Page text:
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Does Alcohol Cause Weight Gain

You have probably seen articles that explain the benefits of drinking moderate amounts of alcohol. But when wanting to lose weight you might want to consider your alcohol intake. Drinking alcoholic beverages can have a negative impact on your body’s ability to lose weight. In this article, we’ll look at several ways that alcohol can contribute to weight gain.


Alcohol and weight gain

How alcohol is processed in the body


When considering how food is processed we usually look at the 3 main macronutrients - carbohydrates, fats and proteins. But alcohol deserves a category of its own because it is processed differently and quicker than any of these nutrients.


Alcohol is absorbed straight into the bloodstream and can reach the liver and brain within minutes. Seeing as the body cannot store alcohol the liver must focus all its attention on breaking it down, if you drink too fast the liver cannot keep up with processing the alcohol so it builds up in the bloodstream and affects other organs and body parts causing more inflammation throughout the body.


Next, we’ll take a look at the effects when it comes to weight loss. I’ve broken these down so you can get a good idea of the problems but these effects are intertwined and build on each other.


High calories


Alcohol has a high amount of calories. While carbohydrates and protein yield approximately 4 calories/ gram, alcohol contributes 7 calories per gram. Alcoholic beverages are essentially empty calories since they have very few nutritional benefits.


Effects on behaviour


Alcohol lowers your inhibitions. This is especially true when it comes to food. While you might have good intentions and avoid the buffet table early in the night, after a few beverages you might decide it's a good idea to try everything.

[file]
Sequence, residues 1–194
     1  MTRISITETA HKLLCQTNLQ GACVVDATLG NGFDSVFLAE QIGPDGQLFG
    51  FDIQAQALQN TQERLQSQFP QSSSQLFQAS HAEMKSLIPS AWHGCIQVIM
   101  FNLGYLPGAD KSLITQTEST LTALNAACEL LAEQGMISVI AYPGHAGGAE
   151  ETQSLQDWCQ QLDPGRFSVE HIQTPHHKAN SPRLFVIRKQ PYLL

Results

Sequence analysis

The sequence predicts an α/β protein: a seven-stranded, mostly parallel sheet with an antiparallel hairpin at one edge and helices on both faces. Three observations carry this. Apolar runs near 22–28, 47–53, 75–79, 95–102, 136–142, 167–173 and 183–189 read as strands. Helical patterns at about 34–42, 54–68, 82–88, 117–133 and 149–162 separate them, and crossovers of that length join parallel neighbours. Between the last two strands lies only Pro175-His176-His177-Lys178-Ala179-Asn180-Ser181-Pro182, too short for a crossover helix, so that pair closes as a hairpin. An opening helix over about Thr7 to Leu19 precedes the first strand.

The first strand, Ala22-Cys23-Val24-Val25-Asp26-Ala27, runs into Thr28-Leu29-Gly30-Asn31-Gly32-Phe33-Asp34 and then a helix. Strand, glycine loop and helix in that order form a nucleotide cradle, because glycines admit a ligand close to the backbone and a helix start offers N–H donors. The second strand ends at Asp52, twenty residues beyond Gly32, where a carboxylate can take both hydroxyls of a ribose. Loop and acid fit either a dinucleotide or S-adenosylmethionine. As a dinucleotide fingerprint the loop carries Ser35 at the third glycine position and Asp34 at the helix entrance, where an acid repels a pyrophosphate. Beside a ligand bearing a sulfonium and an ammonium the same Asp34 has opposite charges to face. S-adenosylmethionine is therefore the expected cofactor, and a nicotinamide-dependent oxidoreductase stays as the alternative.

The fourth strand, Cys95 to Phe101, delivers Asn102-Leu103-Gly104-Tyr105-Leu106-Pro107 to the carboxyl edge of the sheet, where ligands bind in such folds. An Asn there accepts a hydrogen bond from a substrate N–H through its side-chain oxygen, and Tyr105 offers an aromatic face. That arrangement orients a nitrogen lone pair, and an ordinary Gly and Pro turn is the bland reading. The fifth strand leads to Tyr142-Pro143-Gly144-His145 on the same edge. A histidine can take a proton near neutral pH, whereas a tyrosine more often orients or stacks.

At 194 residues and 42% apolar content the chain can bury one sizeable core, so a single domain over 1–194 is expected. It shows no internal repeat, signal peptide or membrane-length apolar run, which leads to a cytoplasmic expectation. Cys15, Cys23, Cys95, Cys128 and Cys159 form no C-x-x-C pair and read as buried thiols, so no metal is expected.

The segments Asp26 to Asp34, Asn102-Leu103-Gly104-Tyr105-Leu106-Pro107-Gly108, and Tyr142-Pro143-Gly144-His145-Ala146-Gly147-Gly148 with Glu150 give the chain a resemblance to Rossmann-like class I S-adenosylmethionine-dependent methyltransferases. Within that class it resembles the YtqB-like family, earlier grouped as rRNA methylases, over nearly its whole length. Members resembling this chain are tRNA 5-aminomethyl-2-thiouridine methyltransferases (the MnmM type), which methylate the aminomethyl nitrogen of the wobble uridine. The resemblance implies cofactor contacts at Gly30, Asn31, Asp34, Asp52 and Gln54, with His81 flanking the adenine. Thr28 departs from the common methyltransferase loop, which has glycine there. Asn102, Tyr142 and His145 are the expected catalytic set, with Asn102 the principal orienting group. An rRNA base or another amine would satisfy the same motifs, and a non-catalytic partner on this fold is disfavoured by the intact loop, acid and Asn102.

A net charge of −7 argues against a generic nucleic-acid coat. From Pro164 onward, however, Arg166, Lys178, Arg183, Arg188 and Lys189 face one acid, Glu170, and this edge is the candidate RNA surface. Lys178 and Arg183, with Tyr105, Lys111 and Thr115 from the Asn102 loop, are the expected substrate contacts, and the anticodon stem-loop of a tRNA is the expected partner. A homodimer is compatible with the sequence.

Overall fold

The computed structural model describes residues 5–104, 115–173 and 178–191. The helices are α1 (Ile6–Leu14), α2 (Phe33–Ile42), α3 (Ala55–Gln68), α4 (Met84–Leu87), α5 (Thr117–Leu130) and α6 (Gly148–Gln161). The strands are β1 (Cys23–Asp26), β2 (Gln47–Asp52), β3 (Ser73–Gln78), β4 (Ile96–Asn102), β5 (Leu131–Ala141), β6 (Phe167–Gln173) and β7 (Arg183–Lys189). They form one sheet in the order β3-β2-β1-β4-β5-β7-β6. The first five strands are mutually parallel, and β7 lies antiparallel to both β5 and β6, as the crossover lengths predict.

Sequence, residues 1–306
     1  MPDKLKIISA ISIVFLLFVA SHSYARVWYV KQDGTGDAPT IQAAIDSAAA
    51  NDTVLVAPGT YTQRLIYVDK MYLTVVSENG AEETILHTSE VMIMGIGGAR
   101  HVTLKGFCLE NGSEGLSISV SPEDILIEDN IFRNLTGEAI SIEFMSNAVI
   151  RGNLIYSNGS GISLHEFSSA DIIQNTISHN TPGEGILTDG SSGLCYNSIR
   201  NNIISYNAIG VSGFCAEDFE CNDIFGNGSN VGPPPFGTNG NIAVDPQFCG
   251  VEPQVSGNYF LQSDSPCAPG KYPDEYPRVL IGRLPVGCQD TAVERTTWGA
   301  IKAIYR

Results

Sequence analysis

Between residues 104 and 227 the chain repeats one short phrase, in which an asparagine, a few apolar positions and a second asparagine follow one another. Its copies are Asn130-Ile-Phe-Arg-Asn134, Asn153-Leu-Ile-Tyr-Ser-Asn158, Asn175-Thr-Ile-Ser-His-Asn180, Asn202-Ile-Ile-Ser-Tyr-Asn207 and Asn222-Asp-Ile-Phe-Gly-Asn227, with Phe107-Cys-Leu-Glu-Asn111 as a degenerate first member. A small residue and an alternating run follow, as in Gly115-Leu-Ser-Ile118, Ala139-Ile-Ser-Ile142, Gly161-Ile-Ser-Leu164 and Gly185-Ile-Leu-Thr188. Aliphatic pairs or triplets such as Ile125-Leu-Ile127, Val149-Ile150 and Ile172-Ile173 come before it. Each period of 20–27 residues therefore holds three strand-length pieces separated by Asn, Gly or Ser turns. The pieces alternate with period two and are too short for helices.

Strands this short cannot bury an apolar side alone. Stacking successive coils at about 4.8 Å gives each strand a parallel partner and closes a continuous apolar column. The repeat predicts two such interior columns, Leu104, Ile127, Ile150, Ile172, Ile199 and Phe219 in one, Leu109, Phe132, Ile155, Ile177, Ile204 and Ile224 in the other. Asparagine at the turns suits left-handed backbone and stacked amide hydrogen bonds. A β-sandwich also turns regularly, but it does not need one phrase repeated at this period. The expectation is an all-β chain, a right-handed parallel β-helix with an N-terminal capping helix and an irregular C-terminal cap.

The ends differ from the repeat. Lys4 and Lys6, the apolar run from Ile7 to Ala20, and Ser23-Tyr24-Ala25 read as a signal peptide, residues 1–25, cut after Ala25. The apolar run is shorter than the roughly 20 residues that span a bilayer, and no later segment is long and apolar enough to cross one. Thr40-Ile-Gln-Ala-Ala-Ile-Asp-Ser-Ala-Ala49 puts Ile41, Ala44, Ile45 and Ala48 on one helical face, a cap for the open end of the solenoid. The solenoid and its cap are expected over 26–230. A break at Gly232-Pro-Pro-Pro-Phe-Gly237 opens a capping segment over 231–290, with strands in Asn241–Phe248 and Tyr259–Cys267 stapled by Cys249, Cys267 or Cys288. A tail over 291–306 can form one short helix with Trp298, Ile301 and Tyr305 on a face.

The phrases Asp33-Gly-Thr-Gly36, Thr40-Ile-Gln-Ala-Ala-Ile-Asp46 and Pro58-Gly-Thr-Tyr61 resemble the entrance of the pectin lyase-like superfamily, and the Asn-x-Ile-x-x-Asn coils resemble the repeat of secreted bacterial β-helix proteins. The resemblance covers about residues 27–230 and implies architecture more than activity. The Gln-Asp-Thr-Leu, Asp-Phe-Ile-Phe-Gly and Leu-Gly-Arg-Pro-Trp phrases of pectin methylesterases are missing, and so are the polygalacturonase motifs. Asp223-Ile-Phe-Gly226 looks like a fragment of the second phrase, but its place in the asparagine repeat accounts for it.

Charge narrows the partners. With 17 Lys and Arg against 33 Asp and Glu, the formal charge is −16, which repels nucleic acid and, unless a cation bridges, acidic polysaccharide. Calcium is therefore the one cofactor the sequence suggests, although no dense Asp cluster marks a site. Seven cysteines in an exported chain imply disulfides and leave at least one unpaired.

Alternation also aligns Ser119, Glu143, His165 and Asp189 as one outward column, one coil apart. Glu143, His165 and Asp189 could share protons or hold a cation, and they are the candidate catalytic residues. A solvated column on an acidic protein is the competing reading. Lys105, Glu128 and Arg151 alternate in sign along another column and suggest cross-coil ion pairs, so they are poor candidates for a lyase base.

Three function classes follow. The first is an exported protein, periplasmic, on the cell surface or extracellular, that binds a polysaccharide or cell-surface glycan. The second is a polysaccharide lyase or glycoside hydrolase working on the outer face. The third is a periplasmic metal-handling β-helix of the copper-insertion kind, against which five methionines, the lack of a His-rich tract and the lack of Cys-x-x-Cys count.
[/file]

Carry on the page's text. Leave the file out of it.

It’s not just the social aspect, alcohol may actually trigger hunger signals and cravings for starch, sugar, fat and salt. So you have lower inhibitions and triggered hunger signals.


What’s to stop you?


Alcohol may also increase levels of depression and anxiety which can lead to weight gain if you turn to food or increased alcohol consumption for relief.


Hormonal effects


Alcohol can interfere with the nighttime release of growth hormone (which assists fat loss and muscle growth) that occurs soon after you fall asleep and, as you know, most people drink late at night.


Testosterone levels may be lowered by alcohol consumption. Low testosterone levels are associated with less ability to burn fat and build muscle, both having implications in weight control.


Alcohol consumption can also stimulate estrogen production which can lead to fat gain and water retention. It also increased PMS and can cause uncomfortable or heavy periods.


Alcohol in large doses can also increase cortisol (stress hormone) release. High cortisol levels are associated with difficulty in losing weight, especially around the belly. Other effects of high cortisol levels include difficulty sleeping, lower testosterone and higher estrogen levels in men, and anxiety and depression.


Blood sugar balance


Blood sugar level (BSL) balance is key to metabolism – alcohol inhibits the body’s ability to make glucose which leads to irregular BSL (2). This leads to increased fat storage, cravings and irregular appetite (2). Couple this with the behavioural effects and you have a recipe for disaster.


Sleep


Whilst alcohol might make it easier to fall asleep, it prevents you from reaching the deep refreshing stage of sleep and dysregulates appetite hormones.


This leads to increased food consumption the next day. And it makes it less likely you’ll want to exercise the day after alcohol consumption.


Drinking alcohol is habit forming


Alcohol is an addictive drug. Even small amounts of daily alcohol can become habit-forming. Your tolerance to alcohol increases and these small amounts can easily increase.


The yeast in wine and beer can cause an allergic reaction which can make it difficult to stop at one.


Summary


The effects of drinking alcohol on your health and your ability to lose weight are extensive.


Do you need to give up alcohol completely if you are trying to lose weight? 2-3 drinks per week shouldn’t have a huge effect on your weight loss efforts for most people, but for metabolically compromised individuals drinks should only be occasional. I can help you to incorporate strategies that ensure optimal fat loss is maintained. Book a free nutrition assessment here.


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